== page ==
You’ve got to hand it to a woman who can look at footage of herself from the mid-1980s and unabashedly proclaim: “Yeah, I guess I was pretty hot.”
Back in the day when the cassette tape reigned supreme, Erica Ehm was making a name for herself as MuchMusic’s (and Canada’s) first female VJ. Working in the “biz” since the age of sixteen, the Hudson, Quebec, native immersed herself in what she loved most: music. “I never wanted to be famous,” she says, “I just wanted to get as close to the music as I could get.” After spending a decade with MuchMusic, Ehm left the career she’d helped to create. Fast-forward another decade (and add two Junos, three SOCAN awards, a hubby, and two babies), and Ehm was back where she felt she belonged, doing what she felt she was meant to do. That is, she was back in front of the camera, “talking” to her generation. But this time, Erica was talking about motherhood—not music.
Now a columnist for Post City Magazines and founder of YummyMummyClub.ca, Ehm’s still expanding what she calls her “Ehmpire.” So Torontoist sat down with the self-identifying MILF to reminisce about the good ol’ days—and to see if there’s any truth to the rumour that she’s returning to music television.
Torontoist: Can you tell us what pre-MuchMusic Erica Ehm was like?
Erica Ehm: Before I started at Much Music—actually, I can show you something really funny. [Ehm pulls up the YouTube clip of her on Musi-Plus]. This is something from when I was 18. As you can see, I always knew what I wanted to do from a very young age. I was obsessed with acting. I used to direct plays in my basement—although there was no one there to be directed. I’ve always been kind of a leader—and I made my passions come to life. So when I was younger, it was acting. And when I became a teenager, music became another passion for me. When I was 17—or was it 16?—I worked at CHOM FM, which was a big rock [radio] station in Montreal. So I was always very focused. And I knew what it was that turned me on. So while I worked at CHOM, I got my toe in the door of the professional music industry. At the same time I was going to school [finishing CEGEP], I was working at record stores, I was managing bands, and I was DJing in clubs.
And how did you get the gig at Musi-Plus?
That clip was from 1978, I think. There was no MuchMusic at the time. It was even before MTV. At the time I was DJing in punk bars, working at the radio station, and [Montreal’s Musi-Video] called me up and said, “Hey, would you like to be on TV and help host this show?” So I did that. I just—if you look, and you look at what I’m doing today, it’s the same.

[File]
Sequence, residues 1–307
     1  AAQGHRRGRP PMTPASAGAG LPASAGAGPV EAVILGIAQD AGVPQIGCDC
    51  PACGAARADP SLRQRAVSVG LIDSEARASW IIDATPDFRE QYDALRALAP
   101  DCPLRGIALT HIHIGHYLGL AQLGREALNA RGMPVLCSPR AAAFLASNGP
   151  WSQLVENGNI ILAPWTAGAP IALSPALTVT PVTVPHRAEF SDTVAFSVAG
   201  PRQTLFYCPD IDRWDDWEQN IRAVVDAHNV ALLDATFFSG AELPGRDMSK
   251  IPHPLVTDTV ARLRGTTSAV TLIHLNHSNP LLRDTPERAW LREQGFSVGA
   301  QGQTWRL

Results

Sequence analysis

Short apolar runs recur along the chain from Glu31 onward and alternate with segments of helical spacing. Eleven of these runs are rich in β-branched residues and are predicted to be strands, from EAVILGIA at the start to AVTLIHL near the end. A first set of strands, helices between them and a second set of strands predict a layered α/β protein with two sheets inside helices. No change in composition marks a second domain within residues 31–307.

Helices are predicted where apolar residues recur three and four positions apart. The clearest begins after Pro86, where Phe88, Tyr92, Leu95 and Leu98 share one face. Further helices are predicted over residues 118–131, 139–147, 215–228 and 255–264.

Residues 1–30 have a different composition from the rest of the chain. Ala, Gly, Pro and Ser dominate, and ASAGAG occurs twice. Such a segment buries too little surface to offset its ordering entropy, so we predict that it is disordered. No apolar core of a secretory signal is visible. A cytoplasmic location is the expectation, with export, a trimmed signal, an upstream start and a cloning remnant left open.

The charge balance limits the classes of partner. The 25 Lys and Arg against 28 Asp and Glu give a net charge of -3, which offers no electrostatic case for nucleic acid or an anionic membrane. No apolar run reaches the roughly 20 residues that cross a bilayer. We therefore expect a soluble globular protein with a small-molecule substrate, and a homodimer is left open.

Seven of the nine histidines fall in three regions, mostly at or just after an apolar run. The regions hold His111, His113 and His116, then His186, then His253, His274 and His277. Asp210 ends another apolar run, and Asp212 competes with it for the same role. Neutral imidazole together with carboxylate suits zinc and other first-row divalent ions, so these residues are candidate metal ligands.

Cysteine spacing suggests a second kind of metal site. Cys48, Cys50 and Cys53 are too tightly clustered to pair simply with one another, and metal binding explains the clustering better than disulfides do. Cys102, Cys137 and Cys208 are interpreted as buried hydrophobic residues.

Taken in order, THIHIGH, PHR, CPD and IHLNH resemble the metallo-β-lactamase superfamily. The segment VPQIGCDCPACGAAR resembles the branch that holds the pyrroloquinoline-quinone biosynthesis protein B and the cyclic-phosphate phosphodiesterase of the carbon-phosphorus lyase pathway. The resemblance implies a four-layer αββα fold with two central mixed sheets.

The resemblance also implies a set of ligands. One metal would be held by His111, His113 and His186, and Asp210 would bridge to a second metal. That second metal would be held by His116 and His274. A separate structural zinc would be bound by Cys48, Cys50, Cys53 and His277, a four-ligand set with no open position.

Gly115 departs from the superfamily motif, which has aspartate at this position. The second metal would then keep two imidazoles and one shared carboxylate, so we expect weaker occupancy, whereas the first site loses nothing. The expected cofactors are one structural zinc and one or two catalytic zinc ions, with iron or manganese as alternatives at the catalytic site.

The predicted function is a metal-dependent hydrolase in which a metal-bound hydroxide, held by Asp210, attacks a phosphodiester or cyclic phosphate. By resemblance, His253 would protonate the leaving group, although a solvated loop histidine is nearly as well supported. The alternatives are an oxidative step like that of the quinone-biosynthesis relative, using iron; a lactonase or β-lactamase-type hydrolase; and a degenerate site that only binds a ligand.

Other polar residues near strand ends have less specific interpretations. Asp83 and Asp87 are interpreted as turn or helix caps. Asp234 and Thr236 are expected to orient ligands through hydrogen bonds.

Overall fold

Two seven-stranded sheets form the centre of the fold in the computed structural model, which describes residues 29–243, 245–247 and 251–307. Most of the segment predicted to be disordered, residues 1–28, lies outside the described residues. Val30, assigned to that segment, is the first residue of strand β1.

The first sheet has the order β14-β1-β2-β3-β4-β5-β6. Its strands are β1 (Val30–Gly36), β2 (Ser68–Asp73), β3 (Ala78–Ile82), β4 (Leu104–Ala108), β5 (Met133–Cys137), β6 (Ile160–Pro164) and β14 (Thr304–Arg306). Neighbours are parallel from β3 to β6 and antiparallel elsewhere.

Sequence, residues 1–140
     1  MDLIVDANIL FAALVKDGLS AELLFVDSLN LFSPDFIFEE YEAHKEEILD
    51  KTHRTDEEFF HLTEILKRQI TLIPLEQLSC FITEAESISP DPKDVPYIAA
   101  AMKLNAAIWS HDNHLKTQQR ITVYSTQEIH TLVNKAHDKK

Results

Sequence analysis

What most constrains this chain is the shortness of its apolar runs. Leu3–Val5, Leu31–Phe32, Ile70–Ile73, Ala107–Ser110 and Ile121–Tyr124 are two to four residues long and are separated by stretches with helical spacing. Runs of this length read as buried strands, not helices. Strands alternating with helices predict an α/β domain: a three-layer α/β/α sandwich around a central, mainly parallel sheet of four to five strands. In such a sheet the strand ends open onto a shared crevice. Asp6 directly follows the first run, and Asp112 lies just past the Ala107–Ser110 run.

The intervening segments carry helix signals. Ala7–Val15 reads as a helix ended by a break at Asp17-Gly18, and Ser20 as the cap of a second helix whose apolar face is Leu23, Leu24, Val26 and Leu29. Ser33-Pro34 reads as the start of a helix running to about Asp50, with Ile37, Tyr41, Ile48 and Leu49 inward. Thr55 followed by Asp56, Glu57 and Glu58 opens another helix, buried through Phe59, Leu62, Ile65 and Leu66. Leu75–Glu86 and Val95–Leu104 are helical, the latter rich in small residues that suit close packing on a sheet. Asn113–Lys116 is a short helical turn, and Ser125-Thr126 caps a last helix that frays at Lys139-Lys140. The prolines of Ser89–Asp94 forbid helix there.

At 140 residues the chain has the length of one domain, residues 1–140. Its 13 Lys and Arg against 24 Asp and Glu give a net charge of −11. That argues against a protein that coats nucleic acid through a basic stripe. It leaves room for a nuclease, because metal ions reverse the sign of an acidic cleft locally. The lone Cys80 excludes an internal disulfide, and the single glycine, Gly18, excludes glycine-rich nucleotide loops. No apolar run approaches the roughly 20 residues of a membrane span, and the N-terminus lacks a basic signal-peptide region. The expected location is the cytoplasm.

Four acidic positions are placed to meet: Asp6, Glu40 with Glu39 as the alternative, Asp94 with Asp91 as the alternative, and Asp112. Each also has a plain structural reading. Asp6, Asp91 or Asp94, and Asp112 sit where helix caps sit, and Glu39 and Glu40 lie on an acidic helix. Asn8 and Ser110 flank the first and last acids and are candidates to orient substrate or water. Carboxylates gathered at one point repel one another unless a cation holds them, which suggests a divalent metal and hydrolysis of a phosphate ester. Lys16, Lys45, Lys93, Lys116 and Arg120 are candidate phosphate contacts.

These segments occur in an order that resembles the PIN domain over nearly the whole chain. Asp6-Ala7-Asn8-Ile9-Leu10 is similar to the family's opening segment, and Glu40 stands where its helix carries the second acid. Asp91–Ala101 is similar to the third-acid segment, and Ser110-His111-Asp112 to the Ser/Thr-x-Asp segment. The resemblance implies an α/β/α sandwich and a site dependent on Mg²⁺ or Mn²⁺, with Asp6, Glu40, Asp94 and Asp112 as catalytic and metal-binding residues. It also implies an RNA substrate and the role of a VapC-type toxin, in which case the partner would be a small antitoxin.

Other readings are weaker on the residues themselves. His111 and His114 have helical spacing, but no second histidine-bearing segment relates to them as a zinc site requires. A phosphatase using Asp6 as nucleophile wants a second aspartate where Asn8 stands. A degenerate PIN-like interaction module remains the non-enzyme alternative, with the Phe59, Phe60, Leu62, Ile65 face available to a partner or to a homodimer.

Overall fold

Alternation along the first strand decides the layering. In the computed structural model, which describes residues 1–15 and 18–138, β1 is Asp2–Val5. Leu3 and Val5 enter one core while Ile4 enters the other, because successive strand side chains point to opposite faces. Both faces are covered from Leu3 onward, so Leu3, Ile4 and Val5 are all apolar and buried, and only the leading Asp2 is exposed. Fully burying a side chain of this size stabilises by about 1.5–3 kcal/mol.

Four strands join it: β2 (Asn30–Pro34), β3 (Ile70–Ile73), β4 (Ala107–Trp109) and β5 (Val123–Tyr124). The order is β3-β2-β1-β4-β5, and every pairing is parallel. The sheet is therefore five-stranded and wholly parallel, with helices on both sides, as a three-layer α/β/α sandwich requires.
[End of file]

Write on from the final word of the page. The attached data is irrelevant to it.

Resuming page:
Even when I was in high school, I wrote a monthly column called “Erica’s Teen Scene Column.” Now, fast-forward thirty years, and I write “Erica’s Yummy Mummy Column” in Post City Magazines. It’s the same thing; I’m a social commentator. I kind of stand back, look at my peers, and amalgamate the information and the emotion of my generation—and come up, hopefully, with a fresh perspective on who we are and why we do what we do.
So what came after CHOM FM and Musi-Plus?
Well, let’s see. I left Montreal, I went to the University of Ottawa, and I worked at record stores while I was going to university. Then I got a job answering phones at CityTV when I moved to Toronto. I was actually answering phones for [CityTV’s] The New Music, because all I wanted to be was near where people were doing innovative things with music. Because that was my passion. So I answered the phones, and while I was working at CityTV, I started working at a cable company at night and on weekends. I started hosting a show. And I do remember that I called up Willy Jong, then the program director at MacLean-Hunter Cable TV. And I said, “Hi, my name is Erica; I worked at CityTV, I answer the phones, and I want to host a TV show for you.” And he said, “Okay.”
So I worked there for a couple of years, and then I made a demo tape and gave it to Moses Znaimer. At this point, though, I was already the entertainment coordinator at CityTV, so I’d book all the shoots for The New Music and for City Pulse Entertainment. And I gave [Znaimer] the demo tape. Moses put me on the air. live, with no training, no script. Basically it was sink or swim.